Despite recent falls, Chinese domestic equities still look overvalued and a cautious approach is warranted says William Ballard.
- China’s equity market has crashed
- The authorities have taken drastic action to arrest the decline
- We see the long-term potential
- China has to offer
- But valuations of domestic equities remain excessive
- Chinese companies listed in Hong
- Kong are more attractively valued
After an unprecedented run over the past two years, China’s domestic equity market has suffered a dramatic correction. Since its peak on 12 June, the Shanghai Composite Index has fallen nearly 30 per cent. The authorities have taken drastic action to stem the slide in share prices by introducing a plethora of emergency measures. The relaxation of lending rules, to make it easier for investors to borrow to invest in shares, the restriction of IPOs and short selling are some of the more conventional measures adopted. The more extreme measures that have temporarily halted the market rout have surprised even seasoned international investors. Domestic investors with stakes in excess of five per cent in any one company have been blocked from selling their stakes for the next six months. Since the start of this week, around 1,300 companies have voluntarily suspended trading in their own shares.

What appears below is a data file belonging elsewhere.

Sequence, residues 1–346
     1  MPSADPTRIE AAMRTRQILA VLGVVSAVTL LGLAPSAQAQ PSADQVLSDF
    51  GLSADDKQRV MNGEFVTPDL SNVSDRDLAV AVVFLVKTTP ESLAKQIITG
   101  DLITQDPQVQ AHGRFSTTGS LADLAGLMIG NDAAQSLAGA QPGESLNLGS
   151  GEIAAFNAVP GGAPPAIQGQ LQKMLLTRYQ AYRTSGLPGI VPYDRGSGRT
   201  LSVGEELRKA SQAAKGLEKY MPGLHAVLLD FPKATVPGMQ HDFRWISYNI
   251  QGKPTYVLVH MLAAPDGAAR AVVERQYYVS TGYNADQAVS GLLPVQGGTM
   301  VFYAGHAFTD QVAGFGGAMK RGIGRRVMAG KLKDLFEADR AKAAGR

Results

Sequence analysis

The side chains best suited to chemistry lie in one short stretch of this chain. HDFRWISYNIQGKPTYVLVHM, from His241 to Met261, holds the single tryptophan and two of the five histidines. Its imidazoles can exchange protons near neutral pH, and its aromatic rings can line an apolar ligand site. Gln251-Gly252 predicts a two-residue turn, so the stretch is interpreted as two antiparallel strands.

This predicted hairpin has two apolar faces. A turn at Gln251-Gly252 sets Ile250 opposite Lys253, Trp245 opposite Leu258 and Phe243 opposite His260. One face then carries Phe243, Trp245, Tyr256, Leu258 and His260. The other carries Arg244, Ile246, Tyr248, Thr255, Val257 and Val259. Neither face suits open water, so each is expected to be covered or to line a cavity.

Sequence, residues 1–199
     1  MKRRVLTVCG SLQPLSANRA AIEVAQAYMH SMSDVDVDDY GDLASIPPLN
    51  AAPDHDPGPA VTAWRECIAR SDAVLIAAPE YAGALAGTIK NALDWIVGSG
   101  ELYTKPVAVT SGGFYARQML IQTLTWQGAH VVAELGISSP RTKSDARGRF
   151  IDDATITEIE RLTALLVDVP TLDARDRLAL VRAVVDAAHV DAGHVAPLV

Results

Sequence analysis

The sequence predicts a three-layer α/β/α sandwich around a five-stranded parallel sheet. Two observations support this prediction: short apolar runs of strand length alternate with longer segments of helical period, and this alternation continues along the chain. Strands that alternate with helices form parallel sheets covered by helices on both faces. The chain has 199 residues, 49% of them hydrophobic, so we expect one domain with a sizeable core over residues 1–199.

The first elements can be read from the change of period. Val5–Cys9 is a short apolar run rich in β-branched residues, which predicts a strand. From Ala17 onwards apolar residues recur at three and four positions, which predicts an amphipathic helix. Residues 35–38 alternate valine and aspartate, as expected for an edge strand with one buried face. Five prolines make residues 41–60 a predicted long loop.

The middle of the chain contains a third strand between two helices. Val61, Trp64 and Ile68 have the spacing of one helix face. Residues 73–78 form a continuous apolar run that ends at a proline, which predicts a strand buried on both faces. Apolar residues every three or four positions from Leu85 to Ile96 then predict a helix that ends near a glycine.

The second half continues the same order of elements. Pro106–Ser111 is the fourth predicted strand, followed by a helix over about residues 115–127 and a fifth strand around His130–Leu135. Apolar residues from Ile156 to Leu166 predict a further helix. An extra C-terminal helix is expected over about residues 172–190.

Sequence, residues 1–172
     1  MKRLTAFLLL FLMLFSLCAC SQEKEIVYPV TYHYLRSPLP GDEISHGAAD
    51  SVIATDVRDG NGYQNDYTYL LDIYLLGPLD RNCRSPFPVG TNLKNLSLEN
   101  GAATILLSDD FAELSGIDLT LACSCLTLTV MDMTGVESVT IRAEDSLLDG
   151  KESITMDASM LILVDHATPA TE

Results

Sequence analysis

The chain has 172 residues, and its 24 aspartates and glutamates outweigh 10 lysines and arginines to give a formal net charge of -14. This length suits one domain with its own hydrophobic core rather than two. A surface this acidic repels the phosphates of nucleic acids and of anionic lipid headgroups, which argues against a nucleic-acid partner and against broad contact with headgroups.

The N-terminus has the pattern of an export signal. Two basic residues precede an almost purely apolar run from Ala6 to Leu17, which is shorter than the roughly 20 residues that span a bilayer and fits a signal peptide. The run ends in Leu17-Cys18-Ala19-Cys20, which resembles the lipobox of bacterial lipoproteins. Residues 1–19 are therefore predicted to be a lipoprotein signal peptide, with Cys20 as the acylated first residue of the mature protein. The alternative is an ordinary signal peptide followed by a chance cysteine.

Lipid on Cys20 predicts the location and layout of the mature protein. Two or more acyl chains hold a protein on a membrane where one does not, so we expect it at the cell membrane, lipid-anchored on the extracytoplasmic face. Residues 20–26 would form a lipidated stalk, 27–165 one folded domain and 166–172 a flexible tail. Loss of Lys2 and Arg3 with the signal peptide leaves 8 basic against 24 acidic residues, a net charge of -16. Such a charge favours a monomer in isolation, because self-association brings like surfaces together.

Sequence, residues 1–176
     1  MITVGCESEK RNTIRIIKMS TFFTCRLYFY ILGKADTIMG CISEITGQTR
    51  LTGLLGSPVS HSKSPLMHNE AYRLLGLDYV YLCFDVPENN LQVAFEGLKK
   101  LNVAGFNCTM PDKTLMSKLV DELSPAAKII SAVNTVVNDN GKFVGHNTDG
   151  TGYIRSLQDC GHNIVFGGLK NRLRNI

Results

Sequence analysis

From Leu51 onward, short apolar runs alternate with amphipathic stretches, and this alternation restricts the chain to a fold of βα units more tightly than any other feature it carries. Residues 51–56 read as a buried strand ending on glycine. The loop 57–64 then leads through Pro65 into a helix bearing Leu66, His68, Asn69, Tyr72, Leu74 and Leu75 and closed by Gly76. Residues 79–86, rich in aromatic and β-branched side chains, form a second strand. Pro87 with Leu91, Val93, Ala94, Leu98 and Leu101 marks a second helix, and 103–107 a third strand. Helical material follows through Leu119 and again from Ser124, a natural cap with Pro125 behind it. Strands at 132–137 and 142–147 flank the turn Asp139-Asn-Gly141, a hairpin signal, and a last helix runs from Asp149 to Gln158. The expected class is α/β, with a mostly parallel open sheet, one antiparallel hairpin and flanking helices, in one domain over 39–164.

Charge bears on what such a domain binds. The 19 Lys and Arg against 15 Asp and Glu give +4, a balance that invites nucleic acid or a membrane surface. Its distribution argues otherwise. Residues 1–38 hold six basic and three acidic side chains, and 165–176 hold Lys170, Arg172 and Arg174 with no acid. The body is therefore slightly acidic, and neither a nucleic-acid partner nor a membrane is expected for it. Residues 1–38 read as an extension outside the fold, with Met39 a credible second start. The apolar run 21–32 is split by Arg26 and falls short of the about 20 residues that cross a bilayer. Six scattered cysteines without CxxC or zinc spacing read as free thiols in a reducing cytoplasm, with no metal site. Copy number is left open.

Long-term impact of intervention unclear
China is in the midst of a period of transformational change as it moves to rebalance its economy to a path of longer-term structural stability. The opportunities offered for investors within this huge and changing market should not be underestimated, but neither should the risks. The unprecedented level of intervention has shown initial signs of stabilising the domestic equity market. The question now is whether there will be a longer-term impact.
Mindful of valuation discrepancies
The emerging-market equity funds which I manage all have a substantial, long standing underweight position in China. As long-term investors, we can see potential. However we are mindful of the disconnect between the bubble-like valuations of some domestic equities and the more attractive valuations found in Chinese companies listed in Hong Kong or offshore. Furthermore, we are aware of the headwinds companies face from the continued slowing of the domestic economy.